We have 46 chromosomes in total—23 pairs; these will originate from you mum and dad. All of these chromosomes contain all of the information which is genetically transmitted via your DNA. There are two different processes in which DNA transforms into a protein—this is transcription and translation.
  Firstly, with transcription, it is the process in which a part of the chromosome is dipped into the nucleus. This is due to the transcription occurring there and due to there being lots of RNA nucleotides. The gene will then unwind from the double helix (DNA), and the hydrogen bonds will therefore be broken. This will allow the free RNA bases to line up along the single strand of the DNA—they will then make up copies (pairs), called template strands. It is a three based sequence of the nucleotides in the mRNA; this is known as the triplet codon. A codon is where it consists of three nucleotides which arranges  a unit of genetic code in either DNA or RNA. These codons are used to make the protein of polypeptide. This requires mRNA, tRNA, enzymes and also, ribosome amino acids.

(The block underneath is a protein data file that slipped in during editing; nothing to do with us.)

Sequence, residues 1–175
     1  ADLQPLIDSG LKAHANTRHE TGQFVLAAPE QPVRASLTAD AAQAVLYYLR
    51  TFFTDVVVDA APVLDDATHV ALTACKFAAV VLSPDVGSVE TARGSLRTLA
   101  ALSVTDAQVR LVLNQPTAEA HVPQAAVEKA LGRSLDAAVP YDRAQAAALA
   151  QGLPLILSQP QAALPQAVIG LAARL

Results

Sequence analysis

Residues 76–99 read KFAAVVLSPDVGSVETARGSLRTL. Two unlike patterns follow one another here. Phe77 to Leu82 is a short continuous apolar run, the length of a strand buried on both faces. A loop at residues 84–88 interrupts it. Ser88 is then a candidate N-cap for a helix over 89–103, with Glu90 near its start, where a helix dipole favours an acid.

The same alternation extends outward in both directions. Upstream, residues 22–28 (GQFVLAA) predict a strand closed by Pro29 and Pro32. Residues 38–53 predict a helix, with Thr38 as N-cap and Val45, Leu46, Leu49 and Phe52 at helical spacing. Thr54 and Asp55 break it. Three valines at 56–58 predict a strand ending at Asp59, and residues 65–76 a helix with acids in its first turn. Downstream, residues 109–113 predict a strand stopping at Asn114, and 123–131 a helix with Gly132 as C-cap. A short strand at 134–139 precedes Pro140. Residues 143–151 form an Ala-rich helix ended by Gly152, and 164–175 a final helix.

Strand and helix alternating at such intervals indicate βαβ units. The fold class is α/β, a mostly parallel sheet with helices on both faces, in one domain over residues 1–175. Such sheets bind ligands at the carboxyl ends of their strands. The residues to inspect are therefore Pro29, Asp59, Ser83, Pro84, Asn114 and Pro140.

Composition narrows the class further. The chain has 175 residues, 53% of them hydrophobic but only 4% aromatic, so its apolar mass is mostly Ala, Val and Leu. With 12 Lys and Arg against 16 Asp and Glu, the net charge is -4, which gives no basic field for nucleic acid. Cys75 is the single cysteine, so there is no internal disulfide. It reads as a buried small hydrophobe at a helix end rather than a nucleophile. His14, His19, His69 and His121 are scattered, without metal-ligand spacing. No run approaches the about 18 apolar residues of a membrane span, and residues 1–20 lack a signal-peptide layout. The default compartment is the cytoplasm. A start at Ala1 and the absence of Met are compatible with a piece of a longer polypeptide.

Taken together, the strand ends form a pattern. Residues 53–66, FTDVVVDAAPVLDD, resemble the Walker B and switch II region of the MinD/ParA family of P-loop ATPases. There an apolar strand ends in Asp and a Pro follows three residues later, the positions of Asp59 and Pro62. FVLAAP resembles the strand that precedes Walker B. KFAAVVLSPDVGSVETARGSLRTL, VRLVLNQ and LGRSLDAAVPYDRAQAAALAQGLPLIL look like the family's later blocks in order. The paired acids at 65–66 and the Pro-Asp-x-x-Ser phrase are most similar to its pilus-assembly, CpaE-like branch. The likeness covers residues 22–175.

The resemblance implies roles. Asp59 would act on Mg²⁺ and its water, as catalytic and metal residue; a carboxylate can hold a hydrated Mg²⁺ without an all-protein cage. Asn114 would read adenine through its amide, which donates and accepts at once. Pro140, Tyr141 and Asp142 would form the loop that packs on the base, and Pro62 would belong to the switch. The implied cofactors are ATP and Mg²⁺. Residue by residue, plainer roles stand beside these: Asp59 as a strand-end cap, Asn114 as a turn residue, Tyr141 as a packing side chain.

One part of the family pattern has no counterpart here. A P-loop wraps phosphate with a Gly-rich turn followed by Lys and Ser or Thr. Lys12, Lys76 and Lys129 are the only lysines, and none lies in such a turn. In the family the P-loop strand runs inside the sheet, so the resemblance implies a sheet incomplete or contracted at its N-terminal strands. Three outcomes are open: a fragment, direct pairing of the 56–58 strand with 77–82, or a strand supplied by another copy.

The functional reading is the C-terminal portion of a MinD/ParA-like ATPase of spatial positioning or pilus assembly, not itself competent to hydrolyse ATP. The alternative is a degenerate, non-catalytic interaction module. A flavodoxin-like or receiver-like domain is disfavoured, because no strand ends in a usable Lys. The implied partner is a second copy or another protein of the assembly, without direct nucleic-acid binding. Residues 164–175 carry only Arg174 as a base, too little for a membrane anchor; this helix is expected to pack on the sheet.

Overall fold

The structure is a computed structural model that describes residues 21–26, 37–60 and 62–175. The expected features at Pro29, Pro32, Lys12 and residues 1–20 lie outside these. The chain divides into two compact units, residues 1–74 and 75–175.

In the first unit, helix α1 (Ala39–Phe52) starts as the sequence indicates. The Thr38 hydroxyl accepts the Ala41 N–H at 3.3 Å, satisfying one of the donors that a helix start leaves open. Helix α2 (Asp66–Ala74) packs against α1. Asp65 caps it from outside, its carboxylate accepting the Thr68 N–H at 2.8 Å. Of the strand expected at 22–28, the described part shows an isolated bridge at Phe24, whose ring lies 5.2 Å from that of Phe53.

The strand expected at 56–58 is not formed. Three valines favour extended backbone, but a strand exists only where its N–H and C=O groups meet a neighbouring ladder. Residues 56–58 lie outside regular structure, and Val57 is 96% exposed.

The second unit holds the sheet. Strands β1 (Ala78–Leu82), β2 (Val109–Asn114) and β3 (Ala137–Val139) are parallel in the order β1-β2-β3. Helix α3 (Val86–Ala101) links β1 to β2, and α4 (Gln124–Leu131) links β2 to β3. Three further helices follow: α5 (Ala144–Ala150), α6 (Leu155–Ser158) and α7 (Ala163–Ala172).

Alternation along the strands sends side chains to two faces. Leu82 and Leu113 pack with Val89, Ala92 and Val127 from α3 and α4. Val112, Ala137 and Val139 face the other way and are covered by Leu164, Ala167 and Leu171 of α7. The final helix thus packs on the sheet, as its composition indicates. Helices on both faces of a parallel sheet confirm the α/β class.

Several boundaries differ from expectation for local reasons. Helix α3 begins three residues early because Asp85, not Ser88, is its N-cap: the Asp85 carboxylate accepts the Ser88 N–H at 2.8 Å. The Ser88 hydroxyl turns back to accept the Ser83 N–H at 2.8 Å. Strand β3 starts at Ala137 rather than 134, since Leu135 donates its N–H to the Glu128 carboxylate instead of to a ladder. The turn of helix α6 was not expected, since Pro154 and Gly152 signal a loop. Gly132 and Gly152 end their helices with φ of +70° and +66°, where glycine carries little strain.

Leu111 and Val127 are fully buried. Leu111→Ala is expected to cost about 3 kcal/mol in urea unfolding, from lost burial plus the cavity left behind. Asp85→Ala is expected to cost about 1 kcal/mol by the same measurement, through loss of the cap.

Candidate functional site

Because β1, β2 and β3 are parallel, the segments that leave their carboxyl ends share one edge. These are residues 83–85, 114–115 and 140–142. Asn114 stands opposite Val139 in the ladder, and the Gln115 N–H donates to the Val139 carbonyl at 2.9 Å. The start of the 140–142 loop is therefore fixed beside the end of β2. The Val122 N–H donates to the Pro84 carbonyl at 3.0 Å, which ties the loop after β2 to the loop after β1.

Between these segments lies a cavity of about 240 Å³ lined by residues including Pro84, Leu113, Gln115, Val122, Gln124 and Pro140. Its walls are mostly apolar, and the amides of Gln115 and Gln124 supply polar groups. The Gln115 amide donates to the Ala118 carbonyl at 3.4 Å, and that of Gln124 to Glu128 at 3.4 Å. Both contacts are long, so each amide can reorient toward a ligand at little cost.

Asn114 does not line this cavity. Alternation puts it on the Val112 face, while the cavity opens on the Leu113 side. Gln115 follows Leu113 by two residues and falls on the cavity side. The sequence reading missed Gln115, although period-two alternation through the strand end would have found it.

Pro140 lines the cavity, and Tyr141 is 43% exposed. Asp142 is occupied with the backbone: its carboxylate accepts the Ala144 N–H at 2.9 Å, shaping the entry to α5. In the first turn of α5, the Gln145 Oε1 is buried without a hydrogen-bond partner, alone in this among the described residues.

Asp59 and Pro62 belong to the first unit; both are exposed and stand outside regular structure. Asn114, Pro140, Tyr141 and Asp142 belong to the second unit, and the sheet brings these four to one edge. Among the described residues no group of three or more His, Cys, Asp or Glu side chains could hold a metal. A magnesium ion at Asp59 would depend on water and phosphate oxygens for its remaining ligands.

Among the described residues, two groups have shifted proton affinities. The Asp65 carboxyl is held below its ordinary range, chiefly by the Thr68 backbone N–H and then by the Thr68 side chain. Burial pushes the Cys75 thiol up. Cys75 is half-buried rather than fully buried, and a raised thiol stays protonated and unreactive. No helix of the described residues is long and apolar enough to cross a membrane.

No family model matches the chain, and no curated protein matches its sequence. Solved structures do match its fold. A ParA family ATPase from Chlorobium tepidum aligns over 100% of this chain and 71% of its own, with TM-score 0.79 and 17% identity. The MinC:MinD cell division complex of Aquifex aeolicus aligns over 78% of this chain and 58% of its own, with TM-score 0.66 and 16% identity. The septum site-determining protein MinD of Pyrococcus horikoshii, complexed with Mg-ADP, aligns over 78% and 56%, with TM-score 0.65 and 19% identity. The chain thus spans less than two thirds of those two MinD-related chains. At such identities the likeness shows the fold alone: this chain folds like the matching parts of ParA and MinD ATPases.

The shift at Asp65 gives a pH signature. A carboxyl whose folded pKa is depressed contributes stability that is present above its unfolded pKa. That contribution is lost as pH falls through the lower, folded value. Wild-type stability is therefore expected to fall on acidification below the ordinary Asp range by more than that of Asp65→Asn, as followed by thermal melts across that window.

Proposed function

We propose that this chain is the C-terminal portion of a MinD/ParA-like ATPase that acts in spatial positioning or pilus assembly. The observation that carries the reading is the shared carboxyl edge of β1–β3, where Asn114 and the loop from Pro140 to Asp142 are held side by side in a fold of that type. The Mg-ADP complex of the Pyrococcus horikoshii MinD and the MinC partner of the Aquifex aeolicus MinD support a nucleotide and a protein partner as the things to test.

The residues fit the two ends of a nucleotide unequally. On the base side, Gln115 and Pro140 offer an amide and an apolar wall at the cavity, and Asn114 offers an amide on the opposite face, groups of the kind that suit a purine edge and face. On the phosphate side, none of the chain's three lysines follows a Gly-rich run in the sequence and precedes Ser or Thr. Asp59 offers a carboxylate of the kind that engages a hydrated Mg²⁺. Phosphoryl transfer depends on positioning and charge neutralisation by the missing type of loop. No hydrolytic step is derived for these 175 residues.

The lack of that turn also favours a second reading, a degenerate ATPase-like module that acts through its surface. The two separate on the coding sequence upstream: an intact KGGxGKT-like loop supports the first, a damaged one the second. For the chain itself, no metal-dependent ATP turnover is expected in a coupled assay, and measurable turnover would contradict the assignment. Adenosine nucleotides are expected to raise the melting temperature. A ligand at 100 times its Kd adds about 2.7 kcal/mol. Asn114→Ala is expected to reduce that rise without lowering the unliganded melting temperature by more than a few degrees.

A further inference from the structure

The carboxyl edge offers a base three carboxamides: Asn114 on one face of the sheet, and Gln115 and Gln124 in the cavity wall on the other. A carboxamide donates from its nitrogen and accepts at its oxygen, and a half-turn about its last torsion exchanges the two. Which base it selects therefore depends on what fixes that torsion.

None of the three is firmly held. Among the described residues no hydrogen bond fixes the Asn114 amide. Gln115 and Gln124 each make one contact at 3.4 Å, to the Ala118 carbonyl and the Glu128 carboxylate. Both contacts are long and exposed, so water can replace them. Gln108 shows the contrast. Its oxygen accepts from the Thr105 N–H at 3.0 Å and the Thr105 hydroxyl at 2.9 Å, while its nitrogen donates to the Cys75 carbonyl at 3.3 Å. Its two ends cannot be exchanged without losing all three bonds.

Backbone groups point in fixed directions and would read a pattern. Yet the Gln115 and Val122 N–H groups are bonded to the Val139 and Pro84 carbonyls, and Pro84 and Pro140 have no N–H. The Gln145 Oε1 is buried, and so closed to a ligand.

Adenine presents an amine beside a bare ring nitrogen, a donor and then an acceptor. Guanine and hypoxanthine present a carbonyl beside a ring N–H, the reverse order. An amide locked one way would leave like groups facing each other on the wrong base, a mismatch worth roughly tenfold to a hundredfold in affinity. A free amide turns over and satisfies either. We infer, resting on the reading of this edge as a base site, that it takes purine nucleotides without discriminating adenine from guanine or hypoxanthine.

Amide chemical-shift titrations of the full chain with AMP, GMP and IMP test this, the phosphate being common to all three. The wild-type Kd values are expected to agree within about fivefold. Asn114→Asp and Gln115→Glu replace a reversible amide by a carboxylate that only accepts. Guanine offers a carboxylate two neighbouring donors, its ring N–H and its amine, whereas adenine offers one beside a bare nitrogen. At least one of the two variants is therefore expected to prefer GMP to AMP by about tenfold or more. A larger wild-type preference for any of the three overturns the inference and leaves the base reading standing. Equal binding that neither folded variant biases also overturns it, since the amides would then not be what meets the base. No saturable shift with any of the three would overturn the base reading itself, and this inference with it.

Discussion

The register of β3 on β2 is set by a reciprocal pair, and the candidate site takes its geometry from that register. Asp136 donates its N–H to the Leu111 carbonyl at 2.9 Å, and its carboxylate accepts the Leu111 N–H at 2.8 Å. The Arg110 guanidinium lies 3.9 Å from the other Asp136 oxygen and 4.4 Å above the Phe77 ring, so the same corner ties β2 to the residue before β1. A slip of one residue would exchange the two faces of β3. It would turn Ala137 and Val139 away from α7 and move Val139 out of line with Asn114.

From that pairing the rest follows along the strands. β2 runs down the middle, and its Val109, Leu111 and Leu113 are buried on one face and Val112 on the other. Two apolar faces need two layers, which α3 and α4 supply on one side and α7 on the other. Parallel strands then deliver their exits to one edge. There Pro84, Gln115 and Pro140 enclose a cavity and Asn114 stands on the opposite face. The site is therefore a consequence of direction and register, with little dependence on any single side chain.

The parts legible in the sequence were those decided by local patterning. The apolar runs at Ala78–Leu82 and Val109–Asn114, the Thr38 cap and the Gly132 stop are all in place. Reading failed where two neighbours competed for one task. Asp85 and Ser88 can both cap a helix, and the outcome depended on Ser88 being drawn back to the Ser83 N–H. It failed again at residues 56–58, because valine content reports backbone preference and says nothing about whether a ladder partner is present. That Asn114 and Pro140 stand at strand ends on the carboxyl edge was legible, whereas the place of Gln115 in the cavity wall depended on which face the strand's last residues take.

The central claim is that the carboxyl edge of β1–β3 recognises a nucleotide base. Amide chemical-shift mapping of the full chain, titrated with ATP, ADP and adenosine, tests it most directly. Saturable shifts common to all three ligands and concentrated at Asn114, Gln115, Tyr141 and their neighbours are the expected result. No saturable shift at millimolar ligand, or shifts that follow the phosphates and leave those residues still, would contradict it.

Then for translation, it is located within the cytoplasm and the mRNA will locate a specific ribosome to align with it. This will allow a tRNA molecule to ‘float in’, the anticodon must correspond to one of the other mRNA molecules; this will allow the amino acid to be brought into the process of translation. Whilst this particular molecule is attached to the amino acid, another of the tRNA will emerge with another amino acid—this will match the anticodon with the second codon triplet of the mRNA. From this occurring, an enzyme will then catalyse a compression between the two amino acids—this will create a peptide bond. The first of the tRNA must then be broken away; then it will go back into the cytoplasm to then reload it with an amino acid. The ribosome will then move to the second tRNA to allow there to be room for another one to bring a different amino acid. This process will keep repeating until it has the codon triplets to create a chain. With the last codon triplet , it will create a stop; this is due to the polypeptide breaking away to move freely in the cytoplasm.

 

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